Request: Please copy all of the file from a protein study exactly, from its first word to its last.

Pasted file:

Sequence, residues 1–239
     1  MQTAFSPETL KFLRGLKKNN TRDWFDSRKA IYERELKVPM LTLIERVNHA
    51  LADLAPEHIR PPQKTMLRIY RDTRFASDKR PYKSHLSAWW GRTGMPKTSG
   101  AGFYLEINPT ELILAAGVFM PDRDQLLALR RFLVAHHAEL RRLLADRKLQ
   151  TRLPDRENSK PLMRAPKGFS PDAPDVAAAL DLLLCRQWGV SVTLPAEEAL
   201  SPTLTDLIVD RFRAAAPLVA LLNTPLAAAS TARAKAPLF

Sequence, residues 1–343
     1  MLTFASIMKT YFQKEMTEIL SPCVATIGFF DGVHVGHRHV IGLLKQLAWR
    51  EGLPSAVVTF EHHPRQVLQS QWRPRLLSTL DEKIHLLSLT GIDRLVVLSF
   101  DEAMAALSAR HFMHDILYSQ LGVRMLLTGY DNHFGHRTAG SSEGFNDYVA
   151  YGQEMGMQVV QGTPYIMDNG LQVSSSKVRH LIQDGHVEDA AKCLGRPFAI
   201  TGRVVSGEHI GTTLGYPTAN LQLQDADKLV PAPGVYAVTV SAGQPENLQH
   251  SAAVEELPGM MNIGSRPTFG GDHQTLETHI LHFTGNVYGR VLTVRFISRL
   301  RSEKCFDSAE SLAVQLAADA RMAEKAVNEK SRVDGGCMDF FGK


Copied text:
Sequence, residues 1–239
     1  MQTAFSPETL KFLRGLKKNN TRDWFDSRKA IYERELKVPM LTLIERVNHA
    51  LADLAPEHIR PPQKTMLRIY RDTRFASDKR PYKSHLSAWW GRTGMPKTSG
   101  AGFYLEINPT ELILAAGVFM PDRDQLLALR RFLVAHHAEL RRLLADRKLQ
   151  TRLPDRENSK PLMRAPKGFS PDAPDVAAAL DLLLCRQWGV SVTLPAEEAL
   201  SPTLTDLIVD RFRAAAPLVA LLNTPLAAAS TARAKAPLF

Sequence, residues 1–343
     1  MLTFASIMKT YFQKEMTEIL SPCVATIGFF DGVHVGHRHV IGLLKQLAWR
    51  EGLPSAVVTF EHHPRQVLQS QWRPRLLSTL DEKIHLLSLT GIDRLVVLSF
   101  DEAMAALSAR HFMHDILYSQ LGVRMLLTGY DNHFGHRTAG SSEGFNDYVA
   151  YGQEMGMQVV QGTPYIMDNG LQVSSSKVRH LIQDGHVEDA AKCLGRPFAI
   201  TGRVVSGEHI GTTLGYPTAN LQLQDADKLV PAPGVYAVTV SAGQPENLQH
   251  SAAVEELPGM MNIGSRPTFG GDHQTLETHI LHFTGNVYGR VLTVRFISRL
   301  RSEKCFDSAE SLAVQLAADA RMAEKAVNEK SRVDGGCMDF FGK